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EDSS students busy sprucing up the school grounds

Cole Harth and Teagan Cadeau help rebuild a fence separating EDSS from neighbouring residents [Bill Atwood]

Students at Elmira District Secondary School are putting the finishing touches on multiple projects while also making their school grounds a little more appealing.

Students in the Grade 11 construction class completed a much needed rebuilding of the fence that separates the school and homes behind it, while the green industries and environmental science class are conducting a revitalization of the flower beds in the “U” driveway at the front of the school.

The school’s back fence was damaged when trees on the property grew into it. While the board paid for the material and the installation of the posts by a private company, students jumped at the opportunity to work on the project.

“This class is extremely hard working, and they’re hard to keep seated. And it’s actually better when they have jobs that they just do this. Keeping these guys sitting in a classroom is not easy,” said construction teacher Alex Derma.

“They get to just work, they don’t have to do the lessons or do any sort of sit down structured work. Unfortunately, for this age group, COVID really made it hard for going back to the classroom. So we realized that this is a bit of a great opportunity for them. To be honest, 75 minutes fly and they’re not in the school so they’re not looking at the clock,” he said.

There are a lot of real world applications for the project, Derma said.

“It is very uncommon that we do something like this, this is very real. This is something they’re going to do with their own house.”

Green industries and environmental science teacher Barb Gaudet expressed a similar sentiment with her class’s project.

“It gets them first of all hands on learning, which is so critical. It’s also real life skills, skills that they can put into workplaces, either in landscaping, or also in just their future lives. Many of them will be homeowners, and we’ll be doing some yard maintenance, as well,” Gaudet said.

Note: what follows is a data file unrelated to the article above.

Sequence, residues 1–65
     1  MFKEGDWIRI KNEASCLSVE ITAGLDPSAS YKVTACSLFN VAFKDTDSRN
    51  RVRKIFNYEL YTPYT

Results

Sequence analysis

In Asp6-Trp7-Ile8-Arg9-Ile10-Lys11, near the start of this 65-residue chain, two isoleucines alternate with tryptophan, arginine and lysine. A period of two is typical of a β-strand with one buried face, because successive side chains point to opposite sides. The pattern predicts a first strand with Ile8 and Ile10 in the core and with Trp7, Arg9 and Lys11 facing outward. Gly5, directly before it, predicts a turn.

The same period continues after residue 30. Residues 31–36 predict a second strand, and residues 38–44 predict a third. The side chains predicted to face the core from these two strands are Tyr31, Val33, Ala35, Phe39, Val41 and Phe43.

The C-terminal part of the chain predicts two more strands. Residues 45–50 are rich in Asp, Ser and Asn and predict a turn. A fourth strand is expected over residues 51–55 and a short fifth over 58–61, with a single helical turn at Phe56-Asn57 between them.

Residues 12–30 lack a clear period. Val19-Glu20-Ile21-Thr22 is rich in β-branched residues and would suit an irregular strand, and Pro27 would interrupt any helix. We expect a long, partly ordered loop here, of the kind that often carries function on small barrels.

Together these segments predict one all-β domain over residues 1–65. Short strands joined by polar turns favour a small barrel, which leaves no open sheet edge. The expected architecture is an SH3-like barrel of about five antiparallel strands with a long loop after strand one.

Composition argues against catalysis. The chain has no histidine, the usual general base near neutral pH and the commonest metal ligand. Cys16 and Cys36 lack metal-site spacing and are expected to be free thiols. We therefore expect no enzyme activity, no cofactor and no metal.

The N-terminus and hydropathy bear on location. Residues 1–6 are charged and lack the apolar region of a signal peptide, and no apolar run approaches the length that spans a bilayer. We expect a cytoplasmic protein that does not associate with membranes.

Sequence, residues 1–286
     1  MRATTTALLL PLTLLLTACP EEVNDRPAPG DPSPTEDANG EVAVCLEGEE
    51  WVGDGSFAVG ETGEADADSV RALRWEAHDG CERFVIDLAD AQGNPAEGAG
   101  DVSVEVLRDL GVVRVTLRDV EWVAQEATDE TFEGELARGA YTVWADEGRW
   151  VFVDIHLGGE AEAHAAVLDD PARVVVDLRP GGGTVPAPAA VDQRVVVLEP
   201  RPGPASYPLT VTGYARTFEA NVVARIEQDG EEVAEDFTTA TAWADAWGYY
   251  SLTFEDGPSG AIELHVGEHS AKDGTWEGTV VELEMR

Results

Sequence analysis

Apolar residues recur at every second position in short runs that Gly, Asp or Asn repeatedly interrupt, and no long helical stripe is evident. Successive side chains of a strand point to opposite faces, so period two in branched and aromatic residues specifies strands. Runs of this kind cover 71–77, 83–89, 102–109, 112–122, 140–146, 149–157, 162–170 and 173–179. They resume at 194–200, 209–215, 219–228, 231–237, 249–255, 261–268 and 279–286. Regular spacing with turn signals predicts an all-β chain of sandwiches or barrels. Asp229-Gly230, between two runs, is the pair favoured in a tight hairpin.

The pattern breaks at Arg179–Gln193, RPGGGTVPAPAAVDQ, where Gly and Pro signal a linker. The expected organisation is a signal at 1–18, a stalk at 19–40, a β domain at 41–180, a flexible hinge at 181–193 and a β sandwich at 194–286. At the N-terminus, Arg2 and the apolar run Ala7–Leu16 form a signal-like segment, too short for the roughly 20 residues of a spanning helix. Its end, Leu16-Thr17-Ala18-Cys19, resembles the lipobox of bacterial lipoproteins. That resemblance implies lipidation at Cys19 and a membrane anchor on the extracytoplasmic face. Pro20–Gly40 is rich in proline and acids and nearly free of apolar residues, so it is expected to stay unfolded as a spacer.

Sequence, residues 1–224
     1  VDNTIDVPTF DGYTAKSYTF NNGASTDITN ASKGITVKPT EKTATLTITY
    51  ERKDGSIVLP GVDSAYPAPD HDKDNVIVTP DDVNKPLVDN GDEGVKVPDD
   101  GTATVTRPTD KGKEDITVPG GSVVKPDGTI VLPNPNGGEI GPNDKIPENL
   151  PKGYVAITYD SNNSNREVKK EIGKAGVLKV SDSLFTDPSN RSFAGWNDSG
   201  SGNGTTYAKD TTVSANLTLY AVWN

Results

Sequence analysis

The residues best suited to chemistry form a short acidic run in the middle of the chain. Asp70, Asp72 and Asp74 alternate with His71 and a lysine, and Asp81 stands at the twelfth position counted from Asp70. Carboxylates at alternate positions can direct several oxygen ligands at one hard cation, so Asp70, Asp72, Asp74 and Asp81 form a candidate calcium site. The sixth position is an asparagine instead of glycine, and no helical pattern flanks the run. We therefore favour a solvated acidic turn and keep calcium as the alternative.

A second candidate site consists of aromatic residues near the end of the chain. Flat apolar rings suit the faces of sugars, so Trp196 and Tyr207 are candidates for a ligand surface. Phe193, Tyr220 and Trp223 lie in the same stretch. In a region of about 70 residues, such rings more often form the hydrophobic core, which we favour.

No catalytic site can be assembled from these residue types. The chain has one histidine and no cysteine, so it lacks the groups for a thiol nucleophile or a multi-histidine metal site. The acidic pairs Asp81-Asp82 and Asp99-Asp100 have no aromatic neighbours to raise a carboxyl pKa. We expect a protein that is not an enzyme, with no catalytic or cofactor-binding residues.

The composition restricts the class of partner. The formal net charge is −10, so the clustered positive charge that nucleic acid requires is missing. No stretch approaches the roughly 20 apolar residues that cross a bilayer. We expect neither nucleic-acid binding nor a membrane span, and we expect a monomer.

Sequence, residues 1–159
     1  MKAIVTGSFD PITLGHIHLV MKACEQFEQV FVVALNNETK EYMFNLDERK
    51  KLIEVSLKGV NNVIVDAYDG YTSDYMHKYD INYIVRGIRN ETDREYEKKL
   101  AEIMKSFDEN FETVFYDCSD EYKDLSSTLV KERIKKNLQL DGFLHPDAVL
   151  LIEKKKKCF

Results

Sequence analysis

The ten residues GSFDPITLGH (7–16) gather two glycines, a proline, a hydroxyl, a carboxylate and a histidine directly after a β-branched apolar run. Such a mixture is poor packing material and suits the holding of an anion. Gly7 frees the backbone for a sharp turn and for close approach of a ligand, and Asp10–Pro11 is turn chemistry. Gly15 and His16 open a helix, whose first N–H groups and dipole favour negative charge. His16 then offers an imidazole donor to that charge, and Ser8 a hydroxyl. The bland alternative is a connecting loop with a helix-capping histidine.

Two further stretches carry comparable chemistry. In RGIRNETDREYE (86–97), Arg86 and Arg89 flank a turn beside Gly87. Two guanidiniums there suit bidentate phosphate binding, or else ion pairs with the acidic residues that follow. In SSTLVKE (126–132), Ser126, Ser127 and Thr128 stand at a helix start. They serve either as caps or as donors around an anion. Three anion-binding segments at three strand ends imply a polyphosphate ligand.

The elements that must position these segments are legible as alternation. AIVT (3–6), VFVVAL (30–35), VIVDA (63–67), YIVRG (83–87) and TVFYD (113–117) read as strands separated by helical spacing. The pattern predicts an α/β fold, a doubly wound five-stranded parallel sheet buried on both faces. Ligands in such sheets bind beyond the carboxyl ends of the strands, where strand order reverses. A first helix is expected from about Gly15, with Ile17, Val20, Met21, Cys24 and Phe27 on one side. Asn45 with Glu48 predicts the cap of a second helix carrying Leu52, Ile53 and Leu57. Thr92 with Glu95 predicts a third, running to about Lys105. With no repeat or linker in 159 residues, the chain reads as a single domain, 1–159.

The “U” was in need of an upgrade, Gaudet said.

For the class, the students first learned about aspects of landscape design, they then each designed a proposal for what they would like to see in the design-with certain parameters.

“They had to be within the right zones for the plants, they needed to be perennials, they needed to be low-maintenance, and they needed to take into consideration the sun and shade. And then they had height restrictions, so that you could still see that front sign,” explained Gaudet.

The students have since weeded and tilled the flower beds, and are now waiting on the new plants. While the process was long, it was rewarding, said student Emma Wiseman.

“We loved putting in the work. It’s more fun to be part of something like this, to make something as beautiful as it is, every day. It’s kind of cool. It’s very rewarding. When I walk past I see it sometimes and I’m just like, ‘wow, we did that,’” she said.

Gaudet agreed noting that these projects could have a long-lasting impact.

“By giving them the ownership of these projects, then they feel invested in it. And so they feel more like coming. And for some of these projects, those are lasting ones that in 10-15 years, they’ll be able to say ‘I did that.’ And that is a really neat feeling that they can see the impact that their work is having on the school community.”

Gaudet’s class also germinated vegetable seeds with the hope of the school being able to plant a vegetable garden next year.

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